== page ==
The word occurs only once in the New Testament (Matt., xxiii, 5)
Phylacteries (Greek: phulachterion, safeguard, amulet, or charm). The word occurs only once in the New Testament (Matt., xxiii, 5), in the great discourse of Our Lord against the Pharisees whom He reproaches with ostentation in the discharge of their religious and social duties: "For they make their phylacteries broad and enlarge their fringes". By the Jews the phylacteries are termed tephillin, plural of the word tephillah, "a prayer", and consist of two small square cases of leather, one of which is worn on the forehead, the other on the upper left arm. The case for the forehead holds four distinct compartments, that for the arm only one. They contain narrow strips of parchment on which are copied passages from the Pentateuch, viz., Ex., xiii, 1-10; and Deut., vi, 4-9; xi, 13-21. The practice of wearing the phylacteries at stated moments is still regarded as a sacred religious duty by the orthodox Jews.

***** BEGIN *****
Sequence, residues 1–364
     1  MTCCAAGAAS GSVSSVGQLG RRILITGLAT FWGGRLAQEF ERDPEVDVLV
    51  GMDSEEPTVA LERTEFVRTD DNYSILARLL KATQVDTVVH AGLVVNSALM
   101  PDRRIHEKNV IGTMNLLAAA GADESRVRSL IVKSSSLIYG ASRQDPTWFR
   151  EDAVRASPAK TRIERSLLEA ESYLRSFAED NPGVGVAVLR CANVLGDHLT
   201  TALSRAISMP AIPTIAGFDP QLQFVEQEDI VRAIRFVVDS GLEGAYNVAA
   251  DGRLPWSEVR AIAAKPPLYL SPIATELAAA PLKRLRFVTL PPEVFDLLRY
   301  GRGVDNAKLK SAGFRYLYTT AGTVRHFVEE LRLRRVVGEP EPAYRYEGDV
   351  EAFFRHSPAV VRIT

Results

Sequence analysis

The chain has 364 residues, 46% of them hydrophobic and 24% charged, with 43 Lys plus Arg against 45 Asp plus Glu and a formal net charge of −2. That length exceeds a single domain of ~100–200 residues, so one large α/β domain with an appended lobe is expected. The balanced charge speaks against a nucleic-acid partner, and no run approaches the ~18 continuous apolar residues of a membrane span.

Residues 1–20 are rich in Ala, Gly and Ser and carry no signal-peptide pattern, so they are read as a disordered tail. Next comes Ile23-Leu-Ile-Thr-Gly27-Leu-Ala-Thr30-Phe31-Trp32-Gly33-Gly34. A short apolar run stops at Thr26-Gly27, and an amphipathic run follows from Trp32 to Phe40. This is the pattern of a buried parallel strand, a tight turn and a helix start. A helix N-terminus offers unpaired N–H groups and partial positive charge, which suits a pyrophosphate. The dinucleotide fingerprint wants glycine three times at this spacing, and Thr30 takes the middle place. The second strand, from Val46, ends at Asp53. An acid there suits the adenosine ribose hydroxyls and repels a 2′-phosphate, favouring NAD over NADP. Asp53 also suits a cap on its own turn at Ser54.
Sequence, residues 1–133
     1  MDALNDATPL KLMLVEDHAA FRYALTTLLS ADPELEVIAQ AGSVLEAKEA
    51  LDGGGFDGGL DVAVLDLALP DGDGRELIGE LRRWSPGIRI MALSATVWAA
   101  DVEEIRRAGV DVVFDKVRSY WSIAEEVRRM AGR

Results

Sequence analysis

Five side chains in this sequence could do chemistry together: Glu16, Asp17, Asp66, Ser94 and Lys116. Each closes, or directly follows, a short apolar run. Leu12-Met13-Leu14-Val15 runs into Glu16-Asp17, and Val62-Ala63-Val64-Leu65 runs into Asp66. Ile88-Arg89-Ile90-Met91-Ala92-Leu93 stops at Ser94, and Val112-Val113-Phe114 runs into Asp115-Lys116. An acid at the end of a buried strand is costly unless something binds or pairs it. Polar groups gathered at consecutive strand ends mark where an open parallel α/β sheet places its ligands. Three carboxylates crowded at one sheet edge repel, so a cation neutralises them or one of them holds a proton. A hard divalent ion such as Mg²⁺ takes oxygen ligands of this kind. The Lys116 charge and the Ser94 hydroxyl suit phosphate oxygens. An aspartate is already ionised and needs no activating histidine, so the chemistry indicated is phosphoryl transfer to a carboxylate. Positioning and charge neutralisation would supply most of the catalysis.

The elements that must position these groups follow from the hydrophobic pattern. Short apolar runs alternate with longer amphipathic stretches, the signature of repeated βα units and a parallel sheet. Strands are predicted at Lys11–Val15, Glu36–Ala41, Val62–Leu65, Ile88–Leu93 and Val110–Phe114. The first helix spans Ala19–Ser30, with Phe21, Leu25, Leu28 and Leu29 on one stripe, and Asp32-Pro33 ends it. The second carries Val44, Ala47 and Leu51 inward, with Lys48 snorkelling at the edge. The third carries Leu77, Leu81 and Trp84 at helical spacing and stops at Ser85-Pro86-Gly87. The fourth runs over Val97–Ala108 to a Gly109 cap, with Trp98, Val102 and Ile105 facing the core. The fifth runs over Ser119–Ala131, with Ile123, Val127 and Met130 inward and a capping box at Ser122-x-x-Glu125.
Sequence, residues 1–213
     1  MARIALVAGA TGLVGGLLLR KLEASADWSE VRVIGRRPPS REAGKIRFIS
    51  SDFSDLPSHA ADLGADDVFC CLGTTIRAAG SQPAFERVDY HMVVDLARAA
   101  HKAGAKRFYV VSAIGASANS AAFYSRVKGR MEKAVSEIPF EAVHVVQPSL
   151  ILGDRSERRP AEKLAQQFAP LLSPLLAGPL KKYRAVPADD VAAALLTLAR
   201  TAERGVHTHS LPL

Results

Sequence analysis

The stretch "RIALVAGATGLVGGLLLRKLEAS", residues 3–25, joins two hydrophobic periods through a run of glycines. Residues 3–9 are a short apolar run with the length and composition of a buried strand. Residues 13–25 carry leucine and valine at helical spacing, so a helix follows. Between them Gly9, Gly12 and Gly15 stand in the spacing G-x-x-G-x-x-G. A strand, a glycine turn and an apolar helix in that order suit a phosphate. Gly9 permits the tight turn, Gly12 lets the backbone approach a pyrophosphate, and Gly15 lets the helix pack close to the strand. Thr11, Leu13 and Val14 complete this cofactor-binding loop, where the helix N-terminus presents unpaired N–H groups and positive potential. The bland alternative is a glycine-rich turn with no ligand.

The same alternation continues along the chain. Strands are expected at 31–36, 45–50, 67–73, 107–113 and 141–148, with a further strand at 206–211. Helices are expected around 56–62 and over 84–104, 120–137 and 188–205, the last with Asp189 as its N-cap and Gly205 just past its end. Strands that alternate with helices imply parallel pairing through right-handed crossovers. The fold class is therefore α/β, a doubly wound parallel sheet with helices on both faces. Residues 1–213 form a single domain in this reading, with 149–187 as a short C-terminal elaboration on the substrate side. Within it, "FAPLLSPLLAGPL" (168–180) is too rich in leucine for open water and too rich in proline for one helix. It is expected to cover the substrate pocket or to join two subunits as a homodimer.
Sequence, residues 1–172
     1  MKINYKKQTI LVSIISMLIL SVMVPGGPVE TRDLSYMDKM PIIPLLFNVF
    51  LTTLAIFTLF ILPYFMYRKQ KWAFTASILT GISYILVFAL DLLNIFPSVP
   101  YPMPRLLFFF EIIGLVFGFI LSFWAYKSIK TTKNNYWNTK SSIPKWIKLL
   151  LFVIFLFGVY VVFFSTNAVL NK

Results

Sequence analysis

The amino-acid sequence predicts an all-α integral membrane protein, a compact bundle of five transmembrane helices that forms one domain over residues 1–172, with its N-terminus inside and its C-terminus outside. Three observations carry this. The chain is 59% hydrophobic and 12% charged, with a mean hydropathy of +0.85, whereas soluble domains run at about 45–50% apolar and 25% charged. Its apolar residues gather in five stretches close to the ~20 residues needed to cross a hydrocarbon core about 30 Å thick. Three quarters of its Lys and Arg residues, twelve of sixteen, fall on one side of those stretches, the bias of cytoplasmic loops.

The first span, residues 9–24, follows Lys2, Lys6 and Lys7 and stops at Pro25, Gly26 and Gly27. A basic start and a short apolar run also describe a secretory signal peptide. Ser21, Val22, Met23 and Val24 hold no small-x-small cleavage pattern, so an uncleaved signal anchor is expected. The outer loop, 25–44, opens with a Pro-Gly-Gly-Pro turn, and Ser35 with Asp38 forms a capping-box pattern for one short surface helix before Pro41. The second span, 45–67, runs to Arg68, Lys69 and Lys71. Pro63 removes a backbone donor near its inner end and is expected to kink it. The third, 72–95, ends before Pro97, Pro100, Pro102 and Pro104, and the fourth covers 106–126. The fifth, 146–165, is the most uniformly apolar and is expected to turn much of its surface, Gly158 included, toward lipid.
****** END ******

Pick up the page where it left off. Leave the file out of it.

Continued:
JAMES F. DRISCOLL